Damien Kayat comprehensively previews the 2022 Women's Australian Open.
2022 WTA Tour
Grand Slam Tennis
Australian Open Woman’s Preview
Melbourne Park, Melbourne, Australia
I don’t remember the last time that the men’s draw of a Grand Slam has courted more controversy than the women. Last year we had the ongoing (and overblown) conversation surrounding Naomi Osaka’s mental state.
That media circus looks positively quaint in comparison to the current hullaballoo surrounding Novak Djokovic. The entire fiasco has actually left me feeling slightly exasperated and as a result I find myself far more intrigued by this year’s women’s draw.
It also helps that women’s tennis has been about as predictable as a M. Night Shyamalan film in recent years. The recent downturn of Queen Serena- who misses out due to injury this year- has completely blown the roof off the entire tour.
Sure, Aussie Ashleigh Barty is firmly entrenched as the world’s number one player. But there are just so many little narratives bubbling quietly beneath the surface.
With the announcement of the draw yesterday, I’m going to break the event down quarter by quarter, looking for likely qualifiers and possible dark horses.
Top Seeds: Ashleigh Barty (1), Maria Sakkari (5), Ons Jabeur (9), Naomi Osaka (13)
Possible Dark Horse: Amanda Anisimova
Wow. This is certainly not the draw that World Number one Barty would have been hoping for. She is going to have to go some way to become the first Australian woman to win this title since 1978.
Barty is fresh off a comprehensive victory in Adelaide. And she could very well play two qualifiers in her opening two matches. But she does face the distinct possibility of meeting defending champion Naomi Osaka in the 4th round (now that would be a marquee round of 16 clash).
Osaka looked decent in her preparation event in Melbourne, withdrawing at the semi-final stage as a likely precaution leading into this event.
She is also going to have to do things the hard way. Osaka could potentially face Bencic or Anisimova in the 3rd round prior to her juggernaut clash with Barty. Anisimova enters this event in fine form after capturing the Gippsland Trophy title.
Despite all this, I still think that Barty has the edge in this section. She is in brilliant form and I fancy her to take down Osaka if they meet. Barty and Osaka enjoy a 2-2 head-to-head record.
Having said that, their last meeting came back in 2019. Both players have evolved since then and I think Barty is one of the few players who can diffuse Osaka’s power. The bottom half of this section looks far more straightforward.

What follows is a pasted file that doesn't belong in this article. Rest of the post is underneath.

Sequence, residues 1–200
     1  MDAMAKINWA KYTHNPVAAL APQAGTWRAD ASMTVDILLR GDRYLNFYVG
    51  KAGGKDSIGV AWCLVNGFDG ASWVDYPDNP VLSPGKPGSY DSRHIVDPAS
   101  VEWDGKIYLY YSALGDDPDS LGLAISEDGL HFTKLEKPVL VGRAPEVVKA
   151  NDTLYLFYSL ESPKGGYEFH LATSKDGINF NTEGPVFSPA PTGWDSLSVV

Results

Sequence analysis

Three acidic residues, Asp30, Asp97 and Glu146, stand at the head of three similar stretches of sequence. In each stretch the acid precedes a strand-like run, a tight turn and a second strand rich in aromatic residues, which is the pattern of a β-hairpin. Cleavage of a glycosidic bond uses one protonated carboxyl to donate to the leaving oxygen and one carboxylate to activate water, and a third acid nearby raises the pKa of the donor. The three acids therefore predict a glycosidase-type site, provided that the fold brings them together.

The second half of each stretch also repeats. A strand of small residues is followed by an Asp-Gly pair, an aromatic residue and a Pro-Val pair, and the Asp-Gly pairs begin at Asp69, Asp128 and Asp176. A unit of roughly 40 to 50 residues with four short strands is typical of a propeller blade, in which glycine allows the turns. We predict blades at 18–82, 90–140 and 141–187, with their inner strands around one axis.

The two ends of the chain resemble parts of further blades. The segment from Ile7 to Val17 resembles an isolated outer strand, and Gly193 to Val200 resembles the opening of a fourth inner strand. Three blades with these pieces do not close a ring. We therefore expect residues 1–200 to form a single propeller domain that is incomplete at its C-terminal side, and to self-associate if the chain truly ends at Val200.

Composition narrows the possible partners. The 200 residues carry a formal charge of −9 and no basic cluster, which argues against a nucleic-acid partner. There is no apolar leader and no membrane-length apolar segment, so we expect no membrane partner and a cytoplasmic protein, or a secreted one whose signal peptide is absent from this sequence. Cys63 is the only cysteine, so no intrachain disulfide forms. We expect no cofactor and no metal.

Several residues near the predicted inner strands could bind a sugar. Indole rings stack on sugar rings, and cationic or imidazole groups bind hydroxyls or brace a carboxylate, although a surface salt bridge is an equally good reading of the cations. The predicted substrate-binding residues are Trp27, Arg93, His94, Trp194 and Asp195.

Ons Jabeur and Maria Sakkari both enjoyed terrific 2021 campaigns and their passage towards a likely 4th round encounter doesn’t look that treacherous. Sakkari and Jabeur share a 1-1 head-to-head record, with Sakkari winning a nailbiter last time they met in 2020.
I just think that Sakkari has the Grand Slam edge over Jabeur after reaching two semi-finals last year. Furthermore, Jabeur was forced to withdraw from the Sydney International due to a back injury.
My Quarterfinal Picks: Ashleigh Barty vs Maria Sakkari
Top Seeds: Barbora Krejcikova (4), Paula Badosa (8), Sofia Kenin (11), Elina Svitolina (15)
Dark Horse: Victoria Azarenka (24)
By contrast to the first quarter, the 2nd quarter is really there for the taking. I’m not convinced that French Open champion Barbora Krejcikova is going to steamroll through her early matches.
The breakthrough star of 2021 may find these faster surfaces a bit too slick for her game. Elina Svitolina- ever a Grand Slam shrinking violet- has also been in poor form.
I believe that opens the door to former World Number One Victoria Azarenka. Sure, she may have to face Svitolina in the 3rd before Krejcikova in the 4th. But I think the two-time Aussie Open champion could thrive in this side of the draw.
And who can forget her run to the final of last year’s Indian Wells Masters. The 2020 US Open finalist is a big-match competitor who thrives on this pressure.
The bottom half of this section is also quite intriguing.
2020 Aussie Open champion Sofia Kenin has missed a lot of tennis and she faces a tough first-round encounter with Madison Keys. Even if she does manage to get through that, she would potentially have to face Coco Gauff in the 3rd round.